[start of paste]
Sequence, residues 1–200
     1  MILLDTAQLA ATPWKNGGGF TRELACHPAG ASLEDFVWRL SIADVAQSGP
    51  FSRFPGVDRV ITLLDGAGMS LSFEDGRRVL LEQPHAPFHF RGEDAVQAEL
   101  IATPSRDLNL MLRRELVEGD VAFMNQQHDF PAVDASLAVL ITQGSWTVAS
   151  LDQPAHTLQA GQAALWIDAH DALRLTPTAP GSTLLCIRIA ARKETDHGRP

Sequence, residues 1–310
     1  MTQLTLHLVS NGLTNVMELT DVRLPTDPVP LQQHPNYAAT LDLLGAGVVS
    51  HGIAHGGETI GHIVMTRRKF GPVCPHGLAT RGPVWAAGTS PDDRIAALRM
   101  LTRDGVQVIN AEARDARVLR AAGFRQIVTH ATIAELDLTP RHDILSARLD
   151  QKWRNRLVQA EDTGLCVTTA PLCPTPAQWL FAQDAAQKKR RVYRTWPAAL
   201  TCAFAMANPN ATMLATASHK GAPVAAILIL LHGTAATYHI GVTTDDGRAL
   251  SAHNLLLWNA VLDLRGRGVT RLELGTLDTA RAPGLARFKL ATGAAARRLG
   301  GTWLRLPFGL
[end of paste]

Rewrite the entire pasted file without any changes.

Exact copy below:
Sequence, residues 1–200
     1  MILLDTAQLA ATPWKNGGGF TRELACHPAG ASLEDFVWRL SIADVAQSGP
    51  FSRFPGVDRV ITLLDGAGMS LSFEDGRRVL LEQPHAPFHF RGEDAVQAEL
   101  IATPSRDLNL MLRRELVEGD VAFMNQQHDF PAVDASLAVL ITQGSWTVAS
   151  LDQPAHTLQA GQAALWIDAH DALRLTPTAP GSTLLCIRIA ARKETDHGRP

Sequence, residues 1–310
     1  MTQLTLHLVS NGLTNVMELT DVRLPTDPVP LQQHPNYAAT LDLLGAGVVS
    51  HGIAHGGETI GHIVMTRRKF GPVCPHGLAT RGPVWAAGTS PDDRIAALRM
   101  LTRDGVQVIN AEARDARVLR AAGFRQIVTH ATIAELDLTP RHDILSARLD
   151  QKWRNRLVQA EDTGLCVTTA PLCPTPAQWL FAQDAAQKKR RVYRTWPAAL
   201  TCAFAMANPN ATMLATASHK GAPVAAILIL LHGTAATYHI GVTTDDGRAL
   251  SAHNLLLWNA VLDLRGRGVT RLELGTLDTA RAPGLARFKL ATGAAARRLG
   301  GTWLRLPFGL